Similar patterns of political and economic exclusion and the institutionalization of ethnicity are at the root of many conflicts across the DRC—from tensions between communities in the Masisi and Lubero territories of North Kivu, Banyamulenge and Bafuliru, Babembe, and Banyindu communities in South Kivu, Twa and Bantu communities in Tanganyika, and Kuba and Luba communities in Kasaï and Kasaï Central. Structural factors stemming from the legacy of colonialism and entrenched patronage systems have contributed to the exclusion and marginalization of groups based on ethnicity and the unequal distribution of power and access to resources, which have become institutionalized over time. Competition over land, in particular, is at the root of many conflicts. This is due to the lack of legal recognition of customary land rights and overlapping claims based on differing statutory and customary laws.

The significant levels of inequality in the DRC are evident across a number of dimensions. Most recent data for the country indicate an inequality-adjusted Human Development Index (HDI) of 0.335 (175th of 189 countries). In terms of horizontal and cross-ethnic-group inequality, the DRC ranks among the highest in terms of exclusion by social group and group grievances, and among the lowest in terms of equal distribution of resources, representation of disadvantaged social groups, and access to public services and power distributed by social group. The COVID-19 pandemic has contributed to a further increase in overall levels of poverty and inequality.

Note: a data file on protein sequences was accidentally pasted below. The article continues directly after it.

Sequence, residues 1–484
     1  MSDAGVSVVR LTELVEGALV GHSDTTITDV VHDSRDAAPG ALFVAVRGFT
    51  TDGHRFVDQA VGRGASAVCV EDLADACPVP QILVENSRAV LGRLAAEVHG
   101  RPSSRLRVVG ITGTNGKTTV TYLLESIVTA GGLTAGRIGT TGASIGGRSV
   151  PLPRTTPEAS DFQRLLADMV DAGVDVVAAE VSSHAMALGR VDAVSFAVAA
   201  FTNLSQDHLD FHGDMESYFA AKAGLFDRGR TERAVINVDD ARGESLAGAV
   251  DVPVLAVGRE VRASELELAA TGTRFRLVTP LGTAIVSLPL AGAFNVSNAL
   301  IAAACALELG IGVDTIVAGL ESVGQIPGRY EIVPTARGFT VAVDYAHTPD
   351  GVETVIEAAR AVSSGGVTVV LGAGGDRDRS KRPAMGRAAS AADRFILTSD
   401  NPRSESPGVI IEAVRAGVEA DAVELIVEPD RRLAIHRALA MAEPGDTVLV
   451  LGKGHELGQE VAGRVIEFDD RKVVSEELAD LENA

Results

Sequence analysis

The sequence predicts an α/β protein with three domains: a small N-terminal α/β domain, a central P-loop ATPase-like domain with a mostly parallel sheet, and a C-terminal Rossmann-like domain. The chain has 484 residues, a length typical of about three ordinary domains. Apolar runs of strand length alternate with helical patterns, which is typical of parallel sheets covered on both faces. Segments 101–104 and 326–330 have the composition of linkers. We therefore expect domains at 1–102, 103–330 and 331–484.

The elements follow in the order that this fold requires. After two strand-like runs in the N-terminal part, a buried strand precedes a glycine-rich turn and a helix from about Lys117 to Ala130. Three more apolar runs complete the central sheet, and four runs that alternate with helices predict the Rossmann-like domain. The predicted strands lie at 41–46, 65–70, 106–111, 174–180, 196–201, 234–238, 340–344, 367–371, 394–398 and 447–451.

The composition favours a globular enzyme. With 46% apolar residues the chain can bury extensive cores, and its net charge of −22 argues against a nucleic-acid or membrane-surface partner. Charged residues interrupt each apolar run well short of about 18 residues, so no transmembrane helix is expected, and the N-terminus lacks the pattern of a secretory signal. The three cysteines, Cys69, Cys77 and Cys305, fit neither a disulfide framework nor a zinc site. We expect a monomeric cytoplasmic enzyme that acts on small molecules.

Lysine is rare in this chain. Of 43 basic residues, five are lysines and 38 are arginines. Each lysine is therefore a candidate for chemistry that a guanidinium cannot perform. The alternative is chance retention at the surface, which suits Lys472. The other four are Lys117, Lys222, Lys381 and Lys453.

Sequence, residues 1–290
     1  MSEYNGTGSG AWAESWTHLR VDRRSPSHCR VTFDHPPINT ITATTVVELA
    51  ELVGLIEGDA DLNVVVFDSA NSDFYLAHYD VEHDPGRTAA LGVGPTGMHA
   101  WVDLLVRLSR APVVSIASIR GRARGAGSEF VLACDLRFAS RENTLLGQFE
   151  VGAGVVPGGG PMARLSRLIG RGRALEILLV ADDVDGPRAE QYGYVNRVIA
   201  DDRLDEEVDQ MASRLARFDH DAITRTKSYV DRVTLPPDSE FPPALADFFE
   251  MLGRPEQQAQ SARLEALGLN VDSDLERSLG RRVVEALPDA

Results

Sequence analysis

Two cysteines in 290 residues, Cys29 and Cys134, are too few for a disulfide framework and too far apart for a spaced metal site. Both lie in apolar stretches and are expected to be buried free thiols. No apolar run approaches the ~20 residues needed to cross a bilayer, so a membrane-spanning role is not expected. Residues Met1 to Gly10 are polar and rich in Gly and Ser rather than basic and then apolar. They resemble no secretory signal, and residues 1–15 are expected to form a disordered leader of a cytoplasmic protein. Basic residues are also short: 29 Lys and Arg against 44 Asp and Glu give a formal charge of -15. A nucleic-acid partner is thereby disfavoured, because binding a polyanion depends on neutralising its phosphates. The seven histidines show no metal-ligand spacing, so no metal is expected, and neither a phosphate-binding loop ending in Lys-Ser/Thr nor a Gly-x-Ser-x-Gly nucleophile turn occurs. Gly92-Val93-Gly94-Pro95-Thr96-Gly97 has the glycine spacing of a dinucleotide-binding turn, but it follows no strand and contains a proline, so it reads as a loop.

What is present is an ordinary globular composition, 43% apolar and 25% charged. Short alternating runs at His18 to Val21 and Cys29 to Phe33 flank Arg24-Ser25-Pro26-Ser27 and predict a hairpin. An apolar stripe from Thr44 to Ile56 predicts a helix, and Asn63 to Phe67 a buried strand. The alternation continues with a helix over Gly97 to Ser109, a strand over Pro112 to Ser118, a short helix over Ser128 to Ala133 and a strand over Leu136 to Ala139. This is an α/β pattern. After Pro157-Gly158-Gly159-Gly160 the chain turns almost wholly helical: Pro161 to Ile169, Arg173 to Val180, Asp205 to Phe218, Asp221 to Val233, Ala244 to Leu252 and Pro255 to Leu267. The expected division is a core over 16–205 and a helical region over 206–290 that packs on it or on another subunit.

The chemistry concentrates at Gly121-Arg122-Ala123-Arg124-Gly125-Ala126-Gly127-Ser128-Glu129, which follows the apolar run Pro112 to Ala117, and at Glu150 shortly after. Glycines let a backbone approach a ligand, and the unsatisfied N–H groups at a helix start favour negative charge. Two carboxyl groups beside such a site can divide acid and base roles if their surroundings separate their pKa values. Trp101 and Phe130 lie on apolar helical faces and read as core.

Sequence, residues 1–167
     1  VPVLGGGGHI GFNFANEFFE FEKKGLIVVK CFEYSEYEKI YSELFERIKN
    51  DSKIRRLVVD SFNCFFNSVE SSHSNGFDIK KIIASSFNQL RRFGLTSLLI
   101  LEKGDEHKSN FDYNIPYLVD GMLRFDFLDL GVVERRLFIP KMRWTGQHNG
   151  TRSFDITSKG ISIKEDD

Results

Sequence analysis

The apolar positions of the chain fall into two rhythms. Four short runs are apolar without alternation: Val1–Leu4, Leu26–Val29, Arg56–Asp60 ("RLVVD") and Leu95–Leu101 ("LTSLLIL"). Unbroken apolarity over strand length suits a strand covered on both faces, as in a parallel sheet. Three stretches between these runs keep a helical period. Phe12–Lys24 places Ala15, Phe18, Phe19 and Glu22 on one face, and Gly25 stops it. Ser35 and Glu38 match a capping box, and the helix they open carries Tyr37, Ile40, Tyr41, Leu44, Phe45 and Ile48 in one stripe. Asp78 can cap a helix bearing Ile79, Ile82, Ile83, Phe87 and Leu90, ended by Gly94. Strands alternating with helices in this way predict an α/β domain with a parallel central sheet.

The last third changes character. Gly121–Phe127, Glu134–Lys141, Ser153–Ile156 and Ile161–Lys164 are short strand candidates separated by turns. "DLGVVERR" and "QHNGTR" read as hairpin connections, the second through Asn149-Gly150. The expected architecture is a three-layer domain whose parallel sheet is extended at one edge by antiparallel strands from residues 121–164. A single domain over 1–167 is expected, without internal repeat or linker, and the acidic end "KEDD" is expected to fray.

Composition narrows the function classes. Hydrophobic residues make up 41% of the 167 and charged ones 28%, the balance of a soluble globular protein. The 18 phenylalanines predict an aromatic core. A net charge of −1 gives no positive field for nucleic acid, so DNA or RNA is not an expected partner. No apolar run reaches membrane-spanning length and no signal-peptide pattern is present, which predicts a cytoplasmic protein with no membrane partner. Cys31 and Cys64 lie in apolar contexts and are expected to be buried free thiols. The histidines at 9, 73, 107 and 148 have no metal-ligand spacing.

The underlying structural drivers of conflict have evolved over time, with motivations not only based on long-standing grievances rooted in political and economic exclusion, but also the exploitation and trafficking of natural resources, including by neighboring countries, which has played a significant role in sustaining conflict. These complex and mutually reinforcing factors are mediated by limited government authority, state capture by influential patronage networks, and weak institutions, especially in border areas, which are further root causes of instability. The lack of rule of law and persistent cycles of intercommunal violence have contributed to the proliferation of self-defense militia, with many armed groups becoming increasingly embedded in elite political and military networks and often taking on de facto governance roles.

These factors have repeatedly led to the exploitation and instrumentalization of ethnic tensions by local, national, and regional powers that have supported proxy militias, often against one another, further contributing to the militarization and protraction of conflicts. Due to the interconnectedness of the region, “a very small local incident has the potential to escalate to the strategic or regional level,” as noted by the Independent Strategic Review of MONUSCO. This makes reports of the resumption of proxy violence—attributed to Uganda, Rwanda, and Burundi—as well as recent offensive operations against the Allied Democratic Forces (ADF) by Ugandan forces and the alleged presence of  Rwandan police and Burundian troops in eastern DRC particularly alarming.